The Greatstone Sound Mirrors, massive concrete listening devices shaped like crude ears, were built in marshland in Kent in the late 1920s as part of Britain’s national defence strategy. The ears pointed towards the European mainland.
They look a bit like stone age satellite dishes, though a bit harder to move about.
Here they are from the air:
The ears were an attempt to ‘hear’ approaching enemy aircraft. Sound waves generated by anything flying towards them were captured in these huge concrete bowls, then relayed back through microphones and (in a glorious Heath-Robinson touch) a stethoscope to an operator who would raise the alarm.
These massive ears effectively gave Britain a fifteen-minute warning of an impending attack.
It seems mad but they actually worked, though they couldn’t tell the difference between various aircraft. A squawking bird, and innocent jaunt in a biplane with a picnic hamper in the back seat or an excursion in one of those motorised balloons would sound the same as something considerably more threatening. They’re a Dad’s Armyish idea – like Godfrey’s ears.
There were some portable versions too:
And some slightly less portable:
The creation of better, faster aircraft made them less useful, as an incoming aircraft would be within sight by the time it had been located. Growing levels of ambient noise also made the mirrors more difficult to use successfully. Soon radar made acoustic detection redundant.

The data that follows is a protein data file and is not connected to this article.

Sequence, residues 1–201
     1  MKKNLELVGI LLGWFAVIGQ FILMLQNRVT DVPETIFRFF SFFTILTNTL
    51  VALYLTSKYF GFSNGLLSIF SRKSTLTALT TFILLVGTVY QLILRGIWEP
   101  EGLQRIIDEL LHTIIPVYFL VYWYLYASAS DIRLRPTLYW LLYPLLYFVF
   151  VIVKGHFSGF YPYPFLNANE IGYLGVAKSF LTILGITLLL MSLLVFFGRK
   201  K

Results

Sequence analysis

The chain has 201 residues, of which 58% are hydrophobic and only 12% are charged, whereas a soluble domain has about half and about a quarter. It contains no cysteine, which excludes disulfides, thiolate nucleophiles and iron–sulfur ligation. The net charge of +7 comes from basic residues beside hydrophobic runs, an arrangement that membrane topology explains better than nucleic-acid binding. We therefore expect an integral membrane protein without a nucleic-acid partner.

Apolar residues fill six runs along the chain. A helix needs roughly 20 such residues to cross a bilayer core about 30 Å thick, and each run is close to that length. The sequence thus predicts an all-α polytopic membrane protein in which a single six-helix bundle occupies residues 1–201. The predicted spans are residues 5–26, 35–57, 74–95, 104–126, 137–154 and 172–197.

They are huge. There is a 20ft vertical saucer, a 30ft bowl, tilted to the sky, and a mammoth 200 ft long strip mirror.
It’s a fantastic example of the application of creativity to solve a problem that lacked a technical solution. You can imagine the discussions leading up to it and the “it might just work” moment. I love the coconut shell experimentation of it, married with the scale.
The other thing that struck me was the idea that, even then, in the sedate Thirties, ambient noise got in the way. Imagine how much noise would interfere today. A fancy dress barbecue with mobile disco chez Farages in Kent might set off Britain’s national defences. Now there’s a thought.
Ambient noise and distractions really are a contemporary curse. Filtering through all that we are exposed to and pinpointing the things that really matter is very hard indeed. As communicators, we’ve become accustomed to the blunderbuss approach, hoping for what we call ‘traction’, and losing touch in the process of what really matters to the recipient. We’ve come to associate ‘reach’ with numbers rather than outcomes. It’s worth pausing and considering what the recipient, the individual, might want to hear – and more importantly, why. The art is in saying something that will make people sit up an listen. Otherwise we are liable to get lost in the sea of noise.